This course introduces students to the protection of human rights and fundamental freedoms in Europe, with a particular emphasis on the European Convention on Human Rights (Convention) and the European Court of Human Rights (ECHR or Court). The Convention and the Court have established the most effective regional human rights system in the world, which has also contributed significantly to the integration of Europe. This course will address the history and case-law of the ECHR, including important cases on free speech, information privacy, administrative and pre-trial detention, the duty of governments to protect individuals from harm, and the extraterritorial application of the Convention. It will also consider broader themes, such as the effect of the Court's decisions within Europe, proposals to reform the Court, and the nature of international adjudication.
Taught by Ingrid Wuerth, Professor of Law
This course offers a comparative analysis of the national approaches of, inter alia, the United States, Israel, the European Union, and other states. This multidisciplinary course focuses on the dual interlocking axes of legal norms [flowing from international as well as national perspective] and the accompanying political and operational imperatives. Counterterrorism is a global cooperative phenomenon, and the study of its practice entails the use of case-law, legislation, international law, and national policy directives and operational decisions. Students will be exposed to case-law from a number of jurisdictions, to include international courts and commissions, reaching occasionally contradictory results. Counterterrorism also entails discussion of human rights law, humanitarian law, and comparative statutory study. The course will also entail extended use of scenario driven exercises.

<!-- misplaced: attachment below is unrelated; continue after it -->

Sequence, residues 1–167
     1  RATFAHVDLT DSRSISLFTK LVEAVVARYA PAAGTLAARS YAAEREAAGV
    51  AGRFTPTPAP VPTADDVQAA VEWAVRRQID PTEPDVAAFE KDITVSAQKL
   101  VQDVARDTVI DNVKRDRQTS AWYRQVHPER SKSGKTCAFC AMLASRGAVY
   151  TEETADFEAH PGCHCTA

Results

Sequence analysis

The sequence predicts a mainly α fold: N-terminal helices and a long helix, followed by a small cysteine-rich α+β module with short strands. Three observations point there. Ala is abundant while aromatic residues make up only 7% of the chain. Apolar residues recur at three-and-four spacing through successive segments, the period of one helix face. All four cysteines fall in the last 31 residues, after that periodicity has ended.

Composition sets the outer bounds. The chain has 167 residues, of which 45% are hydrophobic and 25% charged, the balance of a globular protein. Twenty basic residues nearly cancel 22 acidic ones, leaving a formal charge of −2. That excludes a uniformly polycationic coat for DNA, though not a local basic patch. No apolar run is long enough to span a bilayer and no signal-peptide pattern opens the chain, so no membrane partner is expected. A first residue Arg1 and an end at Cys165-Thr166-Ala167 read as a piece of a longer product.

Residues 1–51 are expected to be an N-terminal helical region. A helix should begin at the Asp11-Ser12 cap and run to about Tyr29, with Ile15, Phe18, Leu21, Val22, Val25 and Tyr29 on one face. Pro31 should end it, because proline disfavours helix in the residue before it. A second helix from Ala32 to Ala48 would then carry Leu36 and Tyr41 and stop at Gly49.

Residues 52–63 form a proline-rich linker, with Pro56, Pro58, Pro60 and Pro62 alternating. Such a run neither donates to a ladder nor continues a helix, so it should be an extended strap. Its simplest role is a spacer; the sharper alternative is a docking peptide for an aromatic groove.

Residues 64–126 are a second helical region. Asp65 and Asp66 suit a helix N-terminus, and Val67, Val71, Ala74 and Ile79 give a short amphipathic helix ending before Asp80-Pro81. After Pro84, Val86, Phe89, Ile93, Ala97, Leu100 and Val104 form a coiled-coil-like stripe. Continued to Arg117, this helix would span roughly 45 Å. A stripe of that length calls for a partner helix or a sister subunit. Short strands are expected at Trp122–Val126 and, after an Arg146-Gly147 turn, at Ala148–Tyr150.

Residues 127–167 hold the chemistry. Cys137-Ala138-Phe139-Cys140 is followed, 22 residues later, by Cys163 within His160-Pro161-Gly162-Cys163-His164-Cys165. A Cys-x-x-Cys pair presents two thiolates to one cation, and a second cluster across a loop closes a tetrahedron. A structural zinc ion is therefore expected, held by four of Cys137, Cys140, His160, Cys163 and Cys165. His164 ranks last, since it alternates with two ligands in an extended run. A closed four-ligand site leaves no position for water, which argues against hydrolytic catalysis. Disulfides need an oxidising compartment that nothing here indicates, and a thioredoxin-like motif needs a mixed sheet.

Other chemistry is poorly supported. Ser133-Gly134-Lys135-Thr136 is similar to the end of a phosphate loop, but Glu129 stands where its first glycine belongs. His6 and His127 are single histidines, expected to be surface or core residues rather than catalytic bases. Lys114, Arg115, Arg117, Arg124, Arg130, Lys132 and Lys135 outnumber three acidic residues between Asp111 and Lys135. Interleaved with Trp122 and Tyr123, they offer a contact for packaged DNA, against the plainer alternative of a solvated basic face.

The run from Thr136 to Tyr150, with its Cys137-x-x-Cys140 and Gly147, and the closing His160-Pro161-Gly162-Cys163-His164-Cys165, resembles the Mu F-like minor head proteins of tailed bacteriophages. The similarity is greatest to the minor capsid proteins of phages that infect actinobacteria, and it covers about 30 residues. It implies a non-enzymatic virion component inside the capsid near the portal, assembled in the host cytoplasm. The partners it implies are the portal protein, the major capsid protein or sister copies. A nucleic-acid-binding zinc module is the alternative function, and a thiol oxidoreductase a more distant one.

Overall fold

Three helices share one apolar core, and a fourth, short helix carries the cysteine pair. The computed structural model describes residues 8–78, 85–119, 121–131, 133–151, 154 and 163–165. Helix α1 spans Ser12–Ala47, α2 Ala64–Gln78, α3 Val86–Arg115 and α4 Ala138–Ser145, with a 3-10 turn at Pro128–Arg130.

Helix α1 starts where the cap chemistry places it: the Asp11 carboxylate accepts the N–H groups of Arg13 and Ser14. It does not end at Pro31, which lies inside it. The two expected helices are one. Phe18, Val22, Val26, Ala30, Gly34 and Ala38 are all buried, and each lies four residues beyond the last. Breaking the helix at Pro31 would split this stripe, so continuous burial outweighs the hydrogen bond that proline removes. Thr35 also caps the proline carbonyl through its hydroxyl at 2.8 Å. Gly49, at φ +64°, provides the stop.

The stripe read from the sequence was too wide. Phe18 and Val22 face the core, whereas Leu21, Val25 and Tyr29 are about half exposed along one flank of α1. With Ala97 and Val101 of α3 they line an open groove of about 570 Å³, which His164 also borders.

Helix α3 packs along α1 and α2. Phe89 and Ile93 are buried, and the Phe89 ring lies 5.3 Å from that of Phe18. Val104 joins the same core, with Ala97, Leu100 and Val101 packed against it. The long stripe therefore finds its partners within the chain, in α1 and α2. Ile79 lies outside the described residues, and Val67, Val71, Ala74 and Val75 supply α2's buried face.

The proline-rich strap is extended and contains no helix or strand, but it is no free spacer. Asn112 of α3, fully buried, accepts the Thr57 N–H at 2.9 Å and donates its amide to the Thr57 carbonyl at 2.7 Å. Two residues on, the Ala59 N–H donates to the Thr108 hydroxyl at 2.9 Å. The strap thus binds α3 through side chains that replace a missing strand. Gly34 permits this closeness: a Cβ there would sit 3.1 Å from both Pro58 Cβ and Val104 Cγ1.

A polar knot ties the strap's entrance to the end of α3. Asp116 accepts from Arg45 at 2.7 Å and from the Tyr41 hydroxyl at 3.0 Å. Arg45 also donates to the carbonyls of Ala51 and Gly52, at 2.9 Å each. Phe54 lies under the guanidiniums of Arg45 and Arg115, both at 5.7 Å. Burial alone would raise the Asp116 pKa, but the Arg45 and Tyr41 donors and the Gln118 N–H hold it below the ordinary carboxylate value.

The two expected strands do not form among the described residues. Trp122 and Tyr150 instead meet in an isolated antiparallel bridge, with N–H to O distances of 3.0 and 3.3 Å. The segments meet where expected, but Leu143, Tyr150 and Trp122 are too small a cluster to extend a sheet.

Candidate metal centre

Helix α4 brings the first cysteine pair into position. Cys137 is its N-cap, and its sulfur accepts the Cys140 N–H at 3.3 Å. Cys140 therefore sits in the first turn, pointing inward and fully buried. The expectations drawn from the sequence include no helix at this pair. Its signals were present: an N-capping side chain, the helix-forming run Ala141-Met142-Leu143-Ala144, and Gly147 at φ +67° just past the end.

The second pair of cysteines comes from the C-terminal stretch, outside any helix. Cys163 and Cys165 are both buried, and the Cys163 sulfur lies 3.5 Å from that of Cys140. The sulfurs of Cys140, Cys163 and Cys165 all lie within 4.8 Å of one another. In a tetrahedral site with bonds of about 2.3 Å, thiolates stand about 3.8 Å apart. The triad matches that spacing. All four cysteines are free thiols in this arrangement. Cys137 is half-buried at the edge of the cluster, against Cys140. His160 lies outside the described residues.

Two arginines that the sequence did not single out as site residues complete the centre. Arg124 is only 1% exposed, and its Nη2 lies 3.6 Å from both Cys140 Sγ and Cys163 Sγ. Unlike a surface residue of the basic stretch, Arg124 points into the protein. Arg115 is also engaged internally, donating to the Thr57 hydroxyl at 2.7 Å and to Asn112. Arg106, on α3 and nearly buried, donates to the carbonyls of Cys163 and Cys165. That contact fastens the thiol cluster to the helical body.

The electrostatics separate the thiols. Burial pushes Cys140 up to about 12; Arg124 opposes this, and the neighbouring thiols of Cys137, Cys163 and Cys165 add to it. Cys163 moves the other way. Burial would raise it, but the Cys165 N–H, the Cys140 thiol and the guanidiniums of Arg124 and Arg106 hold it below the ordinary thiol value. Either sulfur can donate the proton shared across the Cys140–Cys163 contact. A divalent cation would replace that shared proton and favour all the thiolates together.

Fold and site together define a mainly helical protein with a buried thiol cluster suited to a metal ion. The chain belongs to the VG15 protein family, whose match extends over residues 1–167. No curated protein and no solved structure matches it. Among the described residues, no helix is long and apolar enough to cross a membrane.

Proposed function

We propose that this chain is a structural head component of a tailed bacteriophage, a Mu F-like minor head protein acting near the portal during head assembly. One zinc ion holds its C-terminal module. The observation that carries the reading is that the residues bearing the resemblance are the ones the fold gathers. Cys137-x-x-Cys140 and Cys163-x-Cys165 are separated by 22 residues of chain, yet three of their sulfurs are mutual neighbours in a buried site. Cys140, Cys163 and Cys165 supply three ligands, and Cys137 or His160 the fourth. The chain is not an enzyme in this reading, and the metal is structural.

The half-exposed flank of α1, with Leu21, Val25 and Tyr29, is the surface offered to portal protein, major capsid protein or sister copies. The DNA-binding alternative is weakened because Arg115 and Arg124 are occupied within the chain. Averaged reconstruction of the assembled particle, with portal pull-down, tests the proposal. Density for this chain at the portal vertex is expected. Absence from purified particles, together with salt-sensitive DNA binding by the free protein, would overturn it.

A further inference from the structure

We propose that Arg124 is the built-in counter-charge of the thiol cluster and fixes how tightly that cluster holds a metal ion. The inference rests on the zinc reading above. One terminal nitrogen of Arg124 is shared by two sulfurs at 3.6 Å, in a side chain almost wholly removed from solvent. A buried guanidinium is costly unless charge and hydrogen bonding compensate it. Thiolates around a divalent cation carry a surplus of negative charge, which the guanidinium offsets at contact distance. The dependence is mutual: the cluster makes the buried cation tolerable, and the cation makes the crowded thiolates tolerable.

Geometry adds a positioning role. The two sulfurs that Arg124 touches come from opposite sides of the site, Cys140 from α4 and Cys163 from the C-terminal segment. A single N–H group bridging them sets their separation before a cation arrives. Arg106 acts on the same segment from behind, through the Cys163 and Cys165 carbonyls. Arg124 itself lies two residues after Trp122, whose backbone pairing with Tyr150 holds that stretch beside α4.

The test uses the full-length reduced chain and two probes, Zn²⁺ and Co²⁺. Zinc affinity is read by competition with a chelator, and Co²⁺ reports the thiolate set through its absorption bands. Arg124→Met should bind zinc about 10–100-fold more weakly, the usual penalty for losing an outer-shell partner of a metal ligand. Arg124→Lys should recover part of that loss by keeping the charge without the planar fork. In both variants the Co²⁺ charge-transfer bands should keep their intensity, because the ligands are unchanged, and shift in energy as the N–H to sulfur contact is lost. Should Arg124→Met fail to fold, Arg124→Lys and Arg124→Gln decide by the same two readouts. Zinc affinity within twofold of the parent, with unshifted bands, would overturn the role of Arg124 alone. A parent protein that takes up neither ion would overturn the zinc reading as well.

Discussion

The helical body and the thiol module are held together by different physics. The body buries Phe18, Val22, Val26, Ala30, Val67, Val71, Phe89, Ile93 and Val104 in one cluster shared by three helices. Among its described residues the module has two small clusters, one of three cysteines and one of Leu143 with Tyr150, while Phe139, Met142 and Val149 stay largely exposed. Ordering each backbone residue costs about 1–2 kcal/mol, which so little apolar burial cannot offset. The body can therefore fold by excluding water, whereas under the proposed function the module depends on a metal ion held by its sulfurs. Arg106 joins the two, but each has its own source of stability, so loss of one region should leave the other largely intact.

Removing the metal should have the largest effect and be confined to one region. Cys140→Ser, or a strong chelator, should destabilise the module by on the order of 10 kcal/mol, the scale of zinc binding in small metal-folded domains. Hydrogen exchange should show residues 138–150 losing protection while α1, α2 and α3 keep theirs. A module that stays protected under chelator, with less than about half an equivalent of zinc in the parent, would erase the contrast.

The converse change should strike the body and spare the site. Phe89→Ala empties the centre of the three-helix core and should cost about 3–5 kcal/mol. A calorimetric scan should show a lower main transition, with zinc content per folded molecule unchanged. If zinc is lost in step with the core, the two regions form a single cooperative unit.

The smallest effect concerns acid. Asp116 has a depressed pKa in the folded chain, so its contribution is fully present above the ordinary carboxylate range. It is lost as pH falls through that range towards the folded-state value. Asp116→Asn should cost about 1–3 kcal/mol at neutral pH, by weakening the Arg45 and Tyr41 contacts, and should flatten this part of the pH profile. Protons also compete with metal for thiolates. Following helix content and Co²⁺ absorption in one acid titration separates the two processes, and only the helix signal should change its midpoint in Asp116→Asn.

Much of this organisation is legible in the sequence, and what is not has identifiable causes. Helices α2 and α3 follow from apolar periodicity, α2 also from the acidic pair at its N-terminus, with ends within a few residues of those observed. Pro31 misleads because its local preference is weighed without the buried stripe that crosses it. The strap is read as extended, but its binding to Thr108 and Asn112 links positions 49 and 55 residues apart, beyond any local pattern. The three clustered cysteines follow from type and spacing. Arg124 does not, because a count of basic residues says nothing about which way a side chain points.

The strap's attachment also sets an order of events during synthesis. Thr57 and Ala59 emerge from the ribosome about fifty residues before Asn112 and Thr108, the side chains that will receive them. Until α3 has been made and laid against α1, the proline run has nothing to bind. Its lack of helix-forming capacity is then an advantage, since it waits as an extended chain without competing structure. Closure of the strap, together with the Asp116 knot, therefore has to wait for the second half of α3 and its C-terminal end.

Taught by Michael A. Newton, Professor of the Practice of Law
The European Union is the most ambitious legal, political, and economic integration among nations in the post-World War II era. This course provides a general introduction to the legal system of the European Union and to selected aspects of substantive EU law. We will examine the EU's lawmaking and administrative processes, the relationship between EU law and the member states' laws, the jurisdiction of the European Court of Justice, and the EU's system of legal remedies. In addition, we will study aspects of substantive EU law that are central to EU market integration, including protections for the free movement of goods, persons, services, and capital.
Taught by Kevin Stack, Professor of Law
This course is designed to acquaint students in the understanding of both public and private international law rules from an arbitral perspective. Special emphasis will be made on international economic law. Inquiry is made into the sources of international law and will include related bodies of rules involving more than one legal and political system. Hence, particular reference will be made to new sources of global law such as the Unidroit Principles for international commercial contracts and lex mercatoria. We will focus on the understanding of doctrines, institutions and applications using historical, political and jurisprudential perspectives. The topics employed to explore these themes include:
Taught by faculty TBA